The late William Berry, chairman, president and CEO of Dominion Resources Inc., once asked me to go for a walk with him after I’d made a speech about changes in store for the electric utility industry. We were at a meeting of the Edison Foundation at The Homestead Resort in Hot Springs, Va.
“Every day, I ask my staff whether they’re ready for the black box that is going to make electricity,” Berry said. “And every day they tell me, ‘Yes, Mr. Berry.’ Hell, they’re not ready.”
Newspapers went through the same agony with the Internet. As William McCarren, manager of the National Press Club in Washington said to me one day, “You know, you and I have talked for 20 years about what will happen and now it is happening; it is taking us by surprise.” Quite so.
You can’t blame Berry’s staff for not being able to prepare for the future shock. If they could have or had the newspaper industry been able to prepare, there would have been no issue, nothing to get ready for.
The electric utility industry is not yet in trouble, but there are intimations that the future may hold untold troubles. On the one hand, rooftop solar and self-generation are just beginning to nibble at the utilities’ traditional market. But possibly of greater concern, demand for electricity is flat and may have begun a decline.
Blame the effectiveness of programs to reduce demand and the growing efficiency of modern appliances, lighting and motors. Smart meters will only exacerbate the reduction in demand.
Not long ago, it was believed that electric vehicles would take up the slack. Now it looks as though the electric nirvana will be delayed. Blame a failure to market electric vehicles, particularly plug-in hybrids aggressively, and the oil glut.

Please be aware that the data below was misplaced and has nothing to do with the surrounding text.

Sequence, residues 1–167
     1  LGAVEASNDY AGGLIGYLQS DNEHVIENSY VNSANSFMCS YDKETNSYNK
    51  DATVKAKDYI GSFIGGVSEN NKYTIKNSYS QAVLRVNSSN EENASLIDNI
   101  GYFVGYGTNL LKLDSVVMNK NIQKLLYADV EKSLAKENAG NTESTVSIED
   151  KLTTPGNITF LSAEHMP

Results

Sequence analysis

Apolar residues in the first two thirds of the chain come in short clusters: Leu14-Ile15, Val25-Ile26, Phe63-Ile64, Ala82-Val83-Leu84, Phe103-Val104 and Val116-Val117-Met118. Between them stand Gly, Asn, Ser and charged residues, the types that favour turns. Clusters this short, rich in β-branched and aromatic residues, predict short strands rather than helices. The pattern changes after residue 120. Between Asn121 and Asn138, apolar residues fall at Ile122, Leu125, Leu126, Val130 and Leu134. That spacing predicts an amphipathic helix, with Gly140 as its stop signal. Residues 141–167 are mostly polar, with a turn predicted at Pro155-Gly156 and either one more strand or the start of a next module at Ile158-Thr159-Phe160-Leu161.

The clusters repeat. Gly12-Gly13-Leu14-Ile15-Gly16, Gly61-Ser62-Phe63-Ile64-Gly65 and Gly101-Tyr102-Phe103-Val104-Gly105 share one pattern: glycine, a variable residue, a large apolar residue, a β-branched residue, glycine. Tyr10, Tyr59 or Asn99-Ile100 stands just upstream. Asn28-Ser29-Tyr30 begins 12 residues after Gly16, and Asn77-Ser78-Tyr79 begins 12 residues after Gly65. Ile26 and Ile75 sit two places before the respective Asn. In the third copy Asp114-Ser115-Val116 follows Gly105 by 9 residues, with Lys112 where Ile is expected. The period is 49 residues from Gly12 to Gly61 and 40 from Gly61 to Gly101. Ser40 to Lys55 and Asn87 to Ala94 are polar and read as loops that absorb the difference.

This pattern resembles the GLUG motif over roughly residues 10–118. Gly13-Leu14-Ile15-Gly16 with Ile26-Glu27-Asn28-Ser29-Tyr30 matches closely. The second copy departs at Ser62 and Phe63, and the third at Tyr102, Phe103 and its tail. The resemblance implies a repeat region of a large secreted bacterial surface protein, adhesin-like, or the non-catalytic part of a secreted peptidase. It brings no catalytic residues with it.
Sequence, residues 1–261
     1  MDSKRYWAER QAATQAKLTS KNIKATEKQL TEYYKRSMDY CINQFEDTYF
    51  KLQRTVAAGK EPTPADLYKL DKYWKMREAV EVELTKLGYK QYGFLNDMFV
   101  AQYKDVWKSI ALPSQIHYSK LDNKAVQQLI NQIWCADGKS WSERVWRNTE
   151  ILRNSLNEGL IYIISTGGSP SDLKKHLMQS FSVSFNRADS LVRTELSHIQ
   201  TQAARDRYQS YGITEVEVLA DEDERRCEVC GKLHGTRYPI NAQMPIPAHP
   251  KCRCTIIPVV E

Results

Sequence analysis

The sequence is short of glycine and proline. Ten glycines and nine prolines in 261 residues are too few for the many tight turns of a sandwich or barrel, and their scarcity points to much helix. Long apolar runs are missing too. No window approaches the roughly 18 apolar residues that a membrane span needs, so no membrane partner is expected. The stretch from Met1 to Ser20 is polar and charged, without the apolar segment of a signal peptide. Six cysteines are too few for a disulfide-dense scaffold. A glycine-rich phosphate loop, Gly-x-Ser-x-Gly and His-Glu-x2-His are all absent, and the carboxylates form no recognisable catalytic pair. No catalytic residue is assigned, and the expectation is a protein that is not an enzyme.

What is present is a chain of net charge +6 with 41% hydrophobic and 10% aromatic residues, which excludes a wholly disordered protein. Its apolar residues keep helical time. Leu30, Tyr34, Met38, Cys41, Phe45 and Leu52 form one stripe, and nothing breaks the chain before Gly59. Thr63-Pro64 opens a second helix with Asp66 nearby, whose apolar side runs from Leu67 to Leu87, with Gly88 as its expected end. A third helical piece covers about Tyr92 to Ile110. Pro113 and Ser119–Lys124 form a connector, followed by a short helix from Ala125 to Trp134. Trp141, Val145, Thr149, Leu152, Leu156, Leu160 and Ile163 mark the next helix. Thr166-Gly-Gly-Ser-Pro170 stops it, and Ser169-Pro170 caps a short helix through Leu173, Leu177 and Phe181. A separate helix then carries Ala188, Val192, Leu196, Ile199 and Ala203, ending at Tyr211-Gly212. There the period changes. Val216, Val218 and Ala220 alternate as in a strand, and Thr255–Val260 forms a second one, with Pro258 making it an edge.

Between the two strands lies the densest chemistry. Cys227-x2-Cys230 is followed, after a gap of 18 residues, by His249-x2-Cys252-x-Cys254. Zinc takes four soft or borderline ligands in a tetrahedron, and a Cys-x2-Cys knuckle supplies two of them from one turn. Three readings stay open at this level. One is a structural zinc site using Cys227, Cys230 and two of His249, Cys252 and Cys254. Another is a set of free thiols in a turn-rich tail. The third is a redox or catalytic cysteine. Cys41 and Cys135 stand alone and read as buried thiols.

With gasoline cheaper than it has been in years, there is no economic incentive to buy a hybrid or an all-electric car. Utilities have not spent any money marketing electric vehicles to, in essence, create a market for their product. Serious omission.
There are not enough people around who feel their habits will affect climate change, plus those who refuse to believe in it.
Without new electric demand, utilities face a difficult future where they may lose profitable domestic load to solar, aided by aggressive solar companies like Elon Musk’s Solar City, but still have to modernize an aging grid and meet their service obligations.
This has not worried Wall Street until now. While interest rates were near zero, the high dividend paid by investor-owned utilities insulated them in the market. But now the doubts are growing.
Recently, when Edison Electric Institute President Tom Kuhn and five other executives appeared before securities analysts, bankers and investors in a ritual show-and-tell, they were taken to task for the lack of growth. I must say, though, that I do not have a lot of faith in securities analysts. When, as the publisher of an energy newsletter in the early 1980s, I appeared before the same group and boldly suggested that natural gas would again be used for electricity generation, they sniggered. As I was leaving, two of them, walking behind me, commented one to the other, “Natural gas for generation? He’s a droll fellow, but he doesn’t know what he’s talking about.”
The lack of growth is now a serious and growing problem for utilities. Attempts to fix the incipient problem are met with this question: How do you grow when you are trying to conserve?
Some years ago, with help from the Edison Electric Institute, I ran a conference in San Francisco on value-added strategies for utilities and very little that was even interesting came up. The only takeaway was that consumers would pay a premium for green power. Electrons were, it appeared, vanilla and commoditized.
So if utilities are going to prosper in the future, they need to either develop new outlets for their product — as paper companies have always done — or settle for a future where shareholders, and ultimately consumers, will have to pay the price for the electric utility industry having done too good a job with tamping down demand; plus failing to understand — if it is in a commodity business — the necessity of trying to find some value-added. Designer electrons, anyone?